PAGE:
Boosts your immune system

The neuropharmacologist Candace Pert conducted a study that showed a close association of our immune system to our emotional worlds. When we harper negative thoughts they manifest themselves into chemical reactions that subject our body to more stress, and thus reduce our immunity. The research found that positive thoughts and emotions boosted the neurochemical changes that reduced the impact of stress on our body and the immune system. Berk et al reported that, when 52 healthy men watched a funny video for 30 minutes, they had significantly higher activity of natural killer (NK) cells, that help to contain viral infection, compared with men who watched an emotionally neutral documentary. Really fabulous!

Relieves pain

15 minutes of good laughing alleviates pain by 10% LiveScience.com claims. Not only does it distract you from our discomforts, it also releases endorphins into your brain casing a natural high that soothes and alleviates the pain, Healtland.time.com states. So put on a comedy show when your muscles are cramping or you are on your monthly cycle and feel the natural painkillers work.

Reduces depression

Not only does a happy mood boost our immune system it also enables us to be less stressed and tense, lessens anxiety levels and irritation. According to a study conducted by psychologists Herbert Lefcourt, of the University of Waterloo, and Rod Martin, Ph.D., at the University of Western Ontario those who were stressed with a good sense of humour became less depressed and anxious than those with less well developed sense of humour. When we relax and laugh our mind relaxes too. Researchers at West Chester University in Pennsylvania also found that students who used humour as a coping mechanism were more likely to be in a positive mood stopping them from sliding into the blues.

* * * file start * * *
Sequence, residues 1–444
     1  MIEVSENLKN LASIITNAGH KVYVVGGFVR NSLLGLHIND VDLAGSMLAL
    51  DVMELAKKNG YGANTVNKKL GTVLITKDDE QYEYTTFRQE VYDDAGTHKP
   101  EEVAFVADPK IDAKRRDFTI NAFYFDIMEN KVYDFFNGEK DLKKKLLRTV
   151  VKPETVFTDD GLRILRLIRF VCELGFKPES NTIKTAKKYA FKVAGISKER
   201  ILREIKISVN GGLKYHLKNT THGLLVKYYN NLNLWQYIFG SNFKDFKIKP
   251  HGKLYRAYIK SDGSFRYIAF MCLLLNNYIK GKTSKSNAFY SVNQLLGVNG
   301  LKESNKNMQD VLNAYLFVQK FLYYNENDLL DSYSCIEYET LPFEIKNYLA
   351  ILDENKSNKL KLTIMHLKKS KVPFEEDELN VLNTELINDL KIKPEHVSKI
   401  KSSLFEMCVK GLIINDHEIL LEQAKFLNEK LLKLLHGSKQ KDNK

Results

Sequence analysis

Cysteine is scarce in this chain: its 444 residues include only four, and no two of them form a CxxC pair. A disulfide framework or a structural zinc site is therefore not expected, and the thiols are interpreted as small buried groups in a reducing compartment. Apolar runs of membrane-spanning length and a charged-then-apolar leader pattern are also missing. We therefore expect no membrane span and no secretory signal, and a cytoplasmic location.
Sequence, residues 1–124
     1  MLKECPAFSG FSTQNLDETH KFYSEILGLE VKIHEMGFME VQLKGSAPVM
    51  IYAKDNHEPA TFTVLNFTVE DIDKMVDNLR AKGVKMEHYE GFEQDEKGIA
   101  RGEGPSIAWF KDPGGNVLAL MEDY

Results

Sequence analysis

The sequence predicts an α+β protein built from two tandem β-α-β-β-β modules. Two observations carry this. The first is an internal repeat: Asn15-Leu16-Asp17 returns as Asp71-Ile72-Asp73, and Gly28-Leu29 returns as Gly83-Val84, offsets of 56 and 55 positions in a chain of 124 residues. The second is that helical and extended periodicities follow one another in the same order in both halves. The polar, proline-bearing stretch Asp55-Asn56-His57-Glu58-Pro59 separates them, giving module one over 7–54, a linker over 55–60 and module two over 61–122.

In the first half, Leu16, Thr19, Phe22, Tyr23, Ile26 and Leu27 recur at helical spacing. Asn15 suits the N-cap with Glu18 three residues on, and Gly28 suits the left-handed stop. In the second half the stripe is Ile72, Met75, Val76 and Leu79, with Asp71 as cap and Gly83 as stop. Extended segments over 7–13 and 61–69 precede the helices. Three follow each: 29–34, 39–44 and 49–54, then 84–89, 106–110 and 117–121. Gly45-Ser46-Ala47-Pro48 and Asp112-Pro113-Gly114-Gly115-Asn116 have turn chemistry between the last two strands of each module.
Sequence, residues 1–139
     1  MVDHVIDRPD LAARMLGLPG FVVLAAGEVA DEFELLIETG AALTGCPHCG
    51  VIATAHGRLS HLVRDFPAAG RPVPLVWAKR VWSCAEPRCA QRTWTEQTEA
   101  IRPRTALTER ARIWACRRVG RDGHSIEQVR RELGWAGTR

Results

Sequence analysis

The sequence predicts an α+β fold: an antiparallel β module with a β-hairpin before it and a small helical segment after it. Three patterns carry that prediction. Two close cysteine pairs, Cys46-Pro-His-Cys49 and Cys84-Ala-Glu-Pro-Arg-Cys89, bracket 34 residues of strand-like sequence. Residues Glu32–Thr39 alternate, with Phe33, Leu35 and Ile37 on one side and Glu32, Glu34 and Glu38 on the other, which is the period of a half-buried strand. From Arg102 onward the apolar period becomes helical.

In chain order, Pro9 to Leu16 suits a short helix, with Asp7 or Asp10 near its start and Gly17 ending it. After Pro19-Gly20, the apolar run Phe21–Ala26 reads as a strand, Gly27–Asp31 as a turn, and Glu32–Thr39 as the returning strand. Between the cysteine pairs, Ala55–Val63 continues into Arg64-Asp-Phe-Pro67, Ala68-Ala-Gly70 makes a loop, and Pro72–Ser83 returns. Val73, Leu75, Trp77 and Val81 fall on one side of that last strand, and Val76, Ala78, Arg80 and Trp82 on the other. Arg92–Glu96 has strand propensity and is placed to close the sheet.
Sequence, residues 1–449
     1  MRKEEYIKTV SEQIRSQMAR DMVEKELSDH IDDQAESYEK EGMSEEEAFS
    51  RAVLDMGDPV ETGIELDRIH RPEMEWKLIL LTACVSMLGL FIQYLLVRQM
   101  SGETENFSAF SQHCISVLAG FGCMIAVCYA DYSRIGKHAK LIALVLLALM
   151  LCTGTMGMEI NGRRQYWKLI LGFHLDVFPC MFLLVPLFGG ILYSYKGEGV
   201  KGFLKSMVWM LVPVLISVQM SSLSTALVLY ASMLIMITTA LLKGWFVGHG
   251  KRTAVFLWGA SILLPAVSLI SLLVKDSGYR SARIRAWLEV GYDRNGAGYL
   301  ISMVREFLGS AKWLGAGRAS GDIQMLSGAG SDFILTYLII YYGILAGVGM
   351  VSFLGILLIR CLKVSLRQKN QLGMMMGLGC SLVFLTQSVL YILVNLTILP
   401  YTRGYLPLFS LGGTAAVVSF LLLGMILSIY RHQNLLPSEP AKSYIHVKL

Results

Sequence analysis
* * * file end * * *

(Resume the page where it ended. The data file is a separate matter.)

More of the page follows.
Improves your relationships

Having a laugh with a friends and family is a way to bond and get through the touch times with humour. As laughing is contagious you will help other to relax and lift their mood too. You will be remembered as a positive influence. Research interestingly suggest that women laugh more than men. Luckily men love women who smile and laugh.

Lowers blood pressure and boost Oxygen

The Laughter Foundation states that laughter has the ability to reduce the production of stress hormones. This not only happens when we laugh but continues for a time after. Laughter also works our muscles, which heightens our blood pressure and dilates blood vessels to enable more oxygen to circulate through our body, due to the deeper breathing that happens when we laugh. The ‘heartier’ the laugh, the better. Laughing 15-20 minutes a day is good for heart health the Laughter Foundation says.


So get laughing and feel the wonderful benefits. Try out some of these
tips to get you giggling.

Watch a funny DVD or show